The tantalising possibilities in team matches that are often missing in individual tournaments were in evidence in the second session of the TOTAL BWF Thomas & Uber Cup Finals 2016.
Riding high on the elixir of team spirit, Frenchman Thomas Rouxel (featured image), ranked a modest 69 to Japanese opponent Sho Sasaki’s 27, nearly sent a shockwave into the defending champions’ midst in their Thomas Cup Group C. Rouxel recovered from a first game whipping to hold two match points in the third, but Sasaki scrambled to hold him off and prevent a first blow. Japan eventually made it past France 5-0.
“After the easy first game, I relaxed a bit and then as he caught up, I increasingly got nervous,” said a relieved Sasaki.
The thrilling 21-6 17-21 23-21 victory for Sasaki proved to be of great value, for the French had their chances against the Japanese in the Men’s Doubles that followed. Ronan Labar and Baptiste Careme slugged it out on equal terms with the higher-ranked Hiroyuki Endo/Kenichi Hayakawa before falling 21-18 25-23.
Once the two matches were sewn up, Japan stepped on the gas, and shot past the French. Takuma Ueda made it 3-0 with a quick 21-7 21-8 result over Lucas Claerbout. Takeshi Kamura/Keigo Sonoda (2nd doubles) and Riichi Takeshita (3rd singles) ensured the Japanese finished the day with their reputation intact.
Hints of an upset also hovered about in a Uber Cup Group A match between China and Malaysia. Malaysia Open champions Tang Yuanting/Yu Yang were in deep trouble against Vivian Hoo/Woon Khe Wei; the Malaysians were cruising at 18-11 in the third when their challenge inexplicably melted. With the Chinese gaining on them, Hoo and Woon turned leaden-footed, enabling the crowd favourites to get several easy winners. Ten straight points went by in a flash and the Malaysians found themselves 0-2 down, Tee Jing Yi having lost the opening singles to Li Xuerui.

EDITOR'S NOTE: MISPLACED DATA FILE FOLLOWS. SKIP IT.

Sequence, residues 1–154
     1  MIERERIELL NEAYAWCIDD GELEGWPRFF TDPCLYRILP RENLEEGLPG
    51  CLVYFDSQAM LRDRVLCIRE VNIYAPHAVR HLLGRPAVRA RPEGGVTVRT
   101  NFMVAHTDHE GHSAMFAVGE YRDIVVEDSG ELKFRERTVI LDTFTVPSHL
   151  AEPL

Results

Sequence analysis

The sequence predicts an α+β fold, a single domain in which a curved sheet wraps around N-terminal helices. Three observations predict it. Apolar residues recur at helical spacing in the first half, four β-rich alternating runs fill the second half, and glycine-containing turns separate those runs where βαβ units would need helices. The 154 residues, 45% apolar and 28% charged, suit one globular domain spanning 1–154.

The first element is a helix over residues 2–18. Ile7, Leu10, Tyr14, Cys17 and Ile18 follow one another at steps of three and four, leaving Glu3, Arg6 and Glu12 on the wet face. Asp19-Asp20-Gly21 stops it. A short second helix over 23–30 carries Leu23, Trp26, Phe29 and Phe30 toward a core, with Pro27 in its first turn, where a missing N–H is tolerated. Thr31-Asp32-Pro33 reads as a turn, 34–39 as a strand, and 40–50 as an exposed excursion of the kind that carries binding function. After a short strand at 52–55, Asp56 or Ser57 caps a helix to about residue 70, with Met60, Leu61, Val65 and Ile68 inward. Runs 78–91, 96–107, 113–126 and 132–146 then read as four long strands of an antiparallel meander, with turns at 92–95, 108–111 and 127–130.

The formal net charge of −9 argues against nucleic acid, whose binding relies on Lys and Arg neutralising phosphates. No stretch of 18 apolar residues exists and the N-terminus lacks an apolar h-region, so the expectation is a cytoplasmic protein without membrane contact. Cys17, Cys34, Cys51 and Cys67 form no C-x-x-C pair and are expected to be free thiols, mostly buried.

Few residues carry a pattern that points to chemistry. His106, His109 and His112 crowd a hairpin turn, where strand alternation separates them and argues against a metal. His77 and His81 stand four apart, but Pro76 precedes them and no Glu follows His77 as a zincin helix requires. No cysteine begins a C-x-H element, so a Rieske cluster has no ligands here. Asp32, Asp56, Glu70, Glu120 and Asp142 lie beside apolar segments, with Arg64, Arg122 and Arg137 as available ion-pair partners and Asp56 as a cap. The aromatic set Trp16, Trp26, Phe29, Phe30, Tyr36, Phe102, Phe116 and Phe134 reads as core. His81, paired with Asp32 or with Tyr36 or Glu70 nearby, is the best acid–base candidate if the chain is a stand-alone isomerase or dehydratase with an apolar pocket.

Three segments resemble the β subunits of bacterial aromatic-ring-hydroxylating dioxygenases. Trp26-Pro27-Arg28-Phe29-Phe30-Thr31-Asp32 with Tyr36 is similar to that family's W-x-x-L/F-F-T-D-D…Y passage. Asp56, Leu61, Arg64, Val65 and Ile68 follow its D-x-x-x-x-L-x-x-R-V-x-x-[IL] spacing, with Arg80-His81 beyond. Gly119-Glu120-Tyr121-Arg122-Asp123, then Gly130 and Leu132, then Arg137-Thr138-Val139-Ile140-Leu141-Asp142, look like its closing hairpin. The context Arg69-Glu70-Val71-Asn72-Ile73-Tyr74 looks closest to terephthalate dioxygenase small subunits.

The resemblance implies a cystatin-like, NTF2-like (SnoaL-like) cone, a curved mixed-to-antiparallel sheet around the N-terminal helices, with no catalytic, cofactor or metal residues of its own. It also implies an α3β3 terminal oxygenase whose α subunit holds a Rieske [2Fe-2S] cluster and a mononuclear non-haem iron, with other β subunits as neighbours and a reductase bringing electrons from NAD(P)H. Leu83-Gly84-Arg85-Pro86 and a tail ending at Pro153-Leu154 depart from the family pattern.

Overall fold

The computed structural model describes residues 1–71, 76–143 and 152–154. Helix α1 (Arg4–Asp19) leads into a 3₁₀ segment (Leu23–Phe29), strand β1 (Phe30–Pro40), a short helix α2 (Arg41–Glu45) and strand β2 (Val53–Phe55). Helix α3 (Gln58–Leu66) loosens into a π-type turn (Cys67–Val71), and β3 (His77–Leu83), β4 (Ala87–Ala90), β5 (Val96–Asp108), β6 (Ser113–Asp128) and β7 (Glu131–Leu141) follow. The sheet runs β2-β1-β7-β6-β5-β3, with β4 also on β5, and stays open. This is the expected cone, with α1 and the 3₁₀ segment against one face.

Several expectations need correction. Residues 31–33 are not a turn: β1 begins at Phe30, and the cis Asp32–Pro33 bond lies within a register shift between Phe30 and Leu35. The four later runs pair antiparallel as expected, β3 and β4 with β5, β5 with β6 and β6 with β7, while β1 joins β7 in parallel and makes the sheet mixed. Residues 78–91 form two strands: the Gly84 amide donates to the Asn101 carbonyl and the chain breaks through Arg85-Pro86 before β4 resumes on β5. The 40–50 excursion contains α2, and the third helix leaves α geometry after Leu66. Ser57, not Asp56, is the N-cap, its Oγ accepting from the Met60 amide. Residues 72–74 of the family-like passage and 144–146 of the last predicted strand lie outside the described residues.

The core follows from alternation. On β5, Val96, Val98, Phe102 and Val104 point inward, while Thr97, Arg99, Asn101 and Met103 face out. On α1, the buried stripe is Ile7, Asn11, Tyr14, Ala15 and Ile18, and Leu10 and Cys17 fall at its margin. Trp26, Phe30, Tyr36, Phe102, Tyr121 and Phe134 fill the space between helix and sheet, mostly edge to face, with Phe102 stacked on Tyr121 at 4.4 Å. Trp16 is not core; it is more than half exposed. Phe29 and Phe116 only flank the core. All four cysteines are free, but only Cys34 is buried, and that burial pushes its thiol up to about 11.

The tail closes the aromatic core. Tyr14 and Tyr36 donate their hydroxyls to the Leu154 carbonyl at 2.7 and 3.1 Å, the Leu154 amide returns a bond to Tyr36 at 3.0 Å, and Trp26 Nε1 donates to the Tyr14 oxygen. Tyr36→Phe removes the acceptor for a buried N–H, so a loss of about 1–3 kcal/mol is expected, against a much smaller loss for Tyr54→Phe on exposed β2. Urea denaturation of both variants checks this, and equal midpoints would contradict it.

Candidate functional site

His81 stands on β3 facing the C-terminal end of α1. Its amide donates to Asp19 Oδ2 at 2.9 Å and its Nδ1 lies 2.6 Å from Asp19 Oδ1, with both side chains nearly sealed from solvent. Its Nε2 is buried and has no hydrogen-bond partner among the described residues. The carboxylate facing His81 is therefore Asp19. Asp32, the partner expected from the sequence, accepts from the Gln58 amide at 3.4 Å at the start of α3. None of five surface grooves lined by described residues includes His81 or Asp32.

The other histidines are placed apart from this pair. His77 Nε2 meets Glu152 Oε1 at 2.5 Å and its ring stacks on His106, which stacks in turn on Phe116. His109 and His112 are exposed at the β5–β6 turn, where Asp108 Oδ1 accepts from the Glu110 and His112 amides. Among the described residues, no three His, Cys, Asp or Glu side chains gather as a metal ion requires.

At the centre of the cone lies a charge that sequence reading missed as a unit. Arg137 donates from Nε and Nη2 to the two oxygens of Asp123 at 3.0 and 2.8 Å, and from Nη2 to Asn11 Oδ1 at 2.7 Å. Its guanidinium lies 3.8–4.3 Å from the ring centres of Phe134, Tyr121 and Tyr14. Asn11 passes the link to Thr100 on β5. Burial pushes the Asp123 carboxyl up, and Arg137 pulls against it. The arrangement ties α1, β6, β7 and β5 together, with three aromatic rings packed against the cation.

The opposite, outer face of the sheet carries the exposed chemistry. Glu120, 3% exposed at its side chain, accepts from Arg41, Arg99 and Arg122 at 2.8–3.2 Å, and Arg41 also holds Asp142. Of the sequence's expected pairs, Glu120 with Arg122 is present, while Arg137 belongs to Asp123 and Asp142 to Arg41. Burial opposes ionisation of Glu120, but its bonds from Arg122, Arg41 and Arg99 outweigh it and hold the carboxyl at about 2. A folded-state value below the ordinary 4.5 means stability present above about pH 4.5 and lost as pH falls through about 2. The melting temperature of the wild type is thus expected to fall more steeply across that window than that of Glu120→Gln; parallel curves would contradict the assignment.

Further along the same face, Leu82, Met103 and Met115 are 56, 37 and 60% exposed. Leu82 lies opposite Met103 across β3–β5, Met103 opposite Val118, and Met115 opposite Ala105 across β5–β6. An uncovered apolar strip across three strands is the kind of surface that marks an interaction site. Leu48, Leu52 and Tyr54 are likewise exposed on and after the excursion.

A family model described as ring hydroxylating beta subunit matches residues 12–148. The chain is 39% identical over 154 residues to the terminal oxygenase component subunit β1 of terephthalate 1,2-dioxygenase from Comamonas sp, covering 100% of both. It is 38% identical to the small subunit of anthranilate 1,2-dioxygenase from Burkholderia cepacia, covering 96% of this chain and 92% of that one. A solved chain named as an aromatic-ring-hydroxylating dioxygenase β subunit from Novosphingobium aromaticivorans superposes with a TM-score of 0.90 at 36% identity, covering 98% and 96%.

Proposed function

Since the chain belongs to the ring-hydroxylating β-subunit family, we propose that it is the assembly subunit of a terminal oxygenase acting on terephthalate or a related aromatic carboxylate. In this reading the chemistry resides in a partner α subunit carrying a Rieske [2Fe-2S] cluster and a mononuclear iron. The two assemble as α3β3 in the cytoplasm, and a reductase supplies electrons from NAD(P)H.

It was the turn of World Junior champion Goh Jin Wei to go up against the in-form Asian champion Wang Yihan; Goh – still only 16 years old – gave an excellent account of herself before falling 21-16 21-14. The Malaysian teen read the game well and was frequently in the right place; Wang had the bigger weapons, however, and ensured a 3-0 lead for China.
China’s men were also in action, brushing aside Mexico 5-0 (Thomas Cup Group A), while Chinese Taipei dealt the same treatment to Mauritius (Uber Cup Group B).
Mexico were defeated but not disgraced. Although the Chinese were superior on every count, the Mexicans showed their skills and stayed in the rallies, coming away thrilled despite being unable to win a game in five matches. Lino Munoz, Job Castillo and Ramon Garrido in the singles, and Castillo/Munoz and Andres Lopez/Garrido in the doubles did come away with their pride intact.
“It’s a great feeling to be here and play China in China,” said Job Castillo, who lost the second singles to Tian Houwei, 21-7 21-12. “It was a big thing for us to win the Pan Am qualifiers; this is the first time Mexico has qualified to the Thomas Cup Finals. We had a very good preparatory camp before coming here. The Chinese are so fast. We learnt a lot.”
Group A: China bt Mexico 5-0; Group A: Japan bt France 5-0
Group A: China bt Malaysia 5-0; Group B: Chinese Taipei bt Mauritius 5-0